Liz Gannes

Recent Posts by Liz Gannes

YouTube Adds Personalized Channels to Lengthen Living Room Sessions

YouTube today is launching a personalization update to its Leanback viewing mode, which is meant to be played on televisions. The new “Personalized Channels”–which is honestly a feature I assumed Leanback already had, given the Google-owned site has been experimenting in this area for a while–will queue up videos for any keyword to play continuously.

Leanback users can give feedback on whether or not they like recommendations, and the channel will refine future suggestions automatically. It seems very similar to streaming music on Pandora. The idea is to offer users a never-ending stream of videos they like, so they’ll watch YouTube longer.

Leanback is not a platform-specific app, but rather a full-screen version of YouTube accessible through any browser. It’s intended for Web-connected televisions.

The “user base [of such devices] is small by YouTube standards,” said YouTube Group Product Manager Shiva Rajaraman, but he added that YouTube users who watch through Leanback already spend 30 minutes per session on average, two times longer than sessions on the Web.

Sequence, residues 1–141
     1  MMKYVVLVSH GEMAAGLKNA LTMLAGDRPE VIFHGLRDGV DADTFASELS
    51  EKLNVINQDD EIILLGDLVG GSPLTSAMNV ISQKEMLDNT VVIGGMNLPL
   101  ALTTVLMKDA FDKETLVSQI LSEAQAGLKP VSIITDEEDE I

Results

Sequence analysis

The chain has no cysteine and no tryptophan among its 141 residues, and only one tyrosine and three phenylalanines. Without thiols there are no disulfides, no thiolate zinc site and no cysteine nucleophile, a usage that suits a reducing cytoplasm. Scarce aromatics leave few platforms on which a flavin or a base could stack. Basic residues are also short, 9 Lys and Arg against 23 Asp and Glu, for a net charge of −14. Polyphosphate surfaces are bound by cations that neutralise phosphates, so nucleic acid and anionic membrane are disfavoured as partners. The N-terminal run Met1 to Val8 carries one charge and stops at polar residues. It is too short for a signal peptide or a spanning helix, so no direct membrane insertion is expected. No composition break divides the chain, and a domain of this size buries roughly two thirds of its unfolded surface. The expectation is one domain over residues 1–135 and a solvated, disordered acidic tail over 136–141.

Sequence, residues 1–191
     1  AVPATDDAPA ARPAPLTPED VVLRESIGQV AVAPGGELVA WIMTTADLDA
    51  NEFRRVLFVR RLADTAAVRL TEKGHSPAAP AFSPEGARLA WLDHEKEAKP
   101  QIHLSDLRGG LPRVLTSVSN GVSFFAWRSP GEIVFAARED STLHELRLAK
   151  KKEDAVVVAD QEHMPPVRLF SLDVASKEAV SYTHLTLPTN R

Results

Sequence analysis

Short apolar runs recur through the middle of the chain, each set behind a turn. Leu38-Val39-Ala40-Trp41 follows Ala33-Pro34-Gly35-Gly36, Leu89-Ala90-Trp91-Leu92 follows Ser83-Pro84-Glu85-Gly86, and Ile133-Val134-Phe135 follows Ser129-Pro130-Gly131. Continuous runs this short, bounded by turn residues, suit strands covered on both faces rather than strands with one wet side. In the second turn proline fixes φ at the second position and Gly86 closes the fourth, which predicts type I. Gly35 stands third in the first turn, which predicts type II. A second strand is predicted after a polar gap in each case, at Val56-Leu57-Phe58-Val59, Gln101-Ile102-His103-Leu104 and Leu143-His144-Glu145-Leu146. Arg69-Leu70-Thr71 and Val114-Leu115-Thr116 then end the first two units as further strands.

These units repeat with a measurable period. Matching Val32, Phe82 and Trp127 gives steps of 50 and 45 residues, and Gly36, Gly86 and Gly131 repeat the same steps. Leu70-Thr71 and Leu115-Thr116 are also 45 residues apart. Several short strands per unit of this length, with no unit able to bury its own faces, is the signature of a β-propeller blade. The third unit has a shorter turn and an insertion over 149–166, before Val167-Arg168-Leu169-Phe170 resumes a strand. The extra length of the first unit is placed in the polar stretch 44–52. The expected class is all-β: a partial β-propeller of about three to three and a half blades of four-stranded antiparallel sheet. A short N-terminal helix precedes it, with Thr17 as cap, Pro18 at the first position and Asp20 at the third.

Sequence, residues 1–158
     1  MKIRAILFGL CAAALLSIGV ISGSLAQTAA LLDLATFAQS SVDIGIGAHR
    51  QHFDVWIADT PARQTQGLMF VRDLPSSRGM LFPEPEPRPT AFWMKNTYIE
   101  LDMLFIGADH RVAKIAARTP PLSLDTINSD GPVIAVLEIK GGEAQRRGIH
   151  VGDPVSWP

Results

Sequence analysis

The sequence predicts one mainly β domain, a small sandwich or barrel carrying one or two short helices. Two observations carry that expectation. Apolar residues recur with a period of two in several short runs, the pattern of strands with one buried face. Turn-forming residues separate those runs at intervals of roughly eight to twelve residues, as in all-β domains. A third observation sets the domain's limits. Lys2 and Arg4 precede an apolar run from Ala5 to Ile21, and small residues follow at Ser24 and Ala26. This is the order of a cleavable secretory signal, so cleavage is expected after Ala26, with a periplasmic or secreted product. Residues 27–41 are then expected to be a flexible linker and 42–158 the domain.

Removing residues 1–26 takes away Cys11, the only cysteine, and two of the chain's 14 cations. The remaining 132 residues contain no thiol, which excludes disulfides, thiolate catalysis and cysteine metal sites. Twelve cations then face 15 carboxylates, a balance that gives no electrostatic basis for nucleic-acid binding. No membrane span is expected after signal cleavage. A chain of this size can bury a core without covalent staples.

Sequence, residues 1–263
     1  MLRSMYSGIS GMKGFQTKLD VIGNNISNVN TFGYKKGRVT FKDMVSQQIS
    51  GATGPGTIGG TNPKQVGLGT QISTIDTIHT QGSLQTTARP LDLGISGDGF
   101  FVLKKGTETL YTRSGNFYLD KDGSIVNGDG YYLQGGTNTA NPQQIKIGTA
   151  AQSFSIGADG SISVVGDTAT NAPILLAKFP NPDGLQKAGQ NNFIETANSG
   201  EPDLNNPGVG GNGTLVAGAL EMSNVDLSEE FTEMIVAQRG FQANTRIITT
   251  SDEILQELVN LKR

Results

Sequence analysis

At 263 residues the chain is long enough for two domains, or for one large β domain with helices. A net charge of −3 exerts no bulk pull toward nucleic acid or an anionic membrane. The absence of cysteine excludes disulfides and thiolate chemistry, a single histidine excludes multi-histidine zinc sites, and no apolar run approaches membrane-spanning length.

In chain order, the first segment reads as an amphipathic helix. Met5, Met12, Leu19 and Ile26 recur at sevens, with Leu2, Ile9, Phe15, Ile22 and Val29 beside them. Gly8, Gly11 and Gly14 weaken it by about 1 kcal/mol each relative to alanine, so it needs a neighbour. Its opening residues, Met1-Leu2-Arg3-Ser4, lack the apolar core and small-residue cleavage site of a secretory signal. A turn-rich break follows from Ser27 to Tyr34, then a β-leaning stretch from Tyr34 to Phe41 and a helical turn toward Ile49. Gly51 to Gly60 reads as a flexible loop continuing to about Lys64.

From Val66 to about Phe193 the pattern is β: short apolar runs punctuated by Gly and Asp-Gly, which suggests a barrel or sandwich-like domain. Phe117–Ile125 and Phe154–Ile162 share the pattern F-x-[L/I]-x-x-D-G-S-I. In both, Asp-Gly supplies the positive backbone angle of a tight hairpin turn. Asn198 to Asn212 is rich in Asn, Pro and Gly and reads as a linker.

Of course, 30 minutes happens to be the length of many traditional television programs.

Leanback at present doesn’t have much in the way of social features, and it doesn’t include specialized ad formats for the living room. It is also not the default YouTube option on Google TV. Rajaraman said all these things are likely to be added in the future. YouTube has recently been doing all sorts of launches around Leanback, including adding overlay and pre-roll advertisements, showing more premium videos from partners and providing a remote control app for Android.


Latest Video

View all videos »

Search »

The problem with the Billionaire Savior phase of the newspaper collapse has always been that billionaires don’t tend to like the kind of authority-questioning journalism that upsets the status quo.

— Ryan Chittum, writing in the Columbia Journalism Review about the promise of Pierre Omidyar’s new media venture with Glenn Greenwald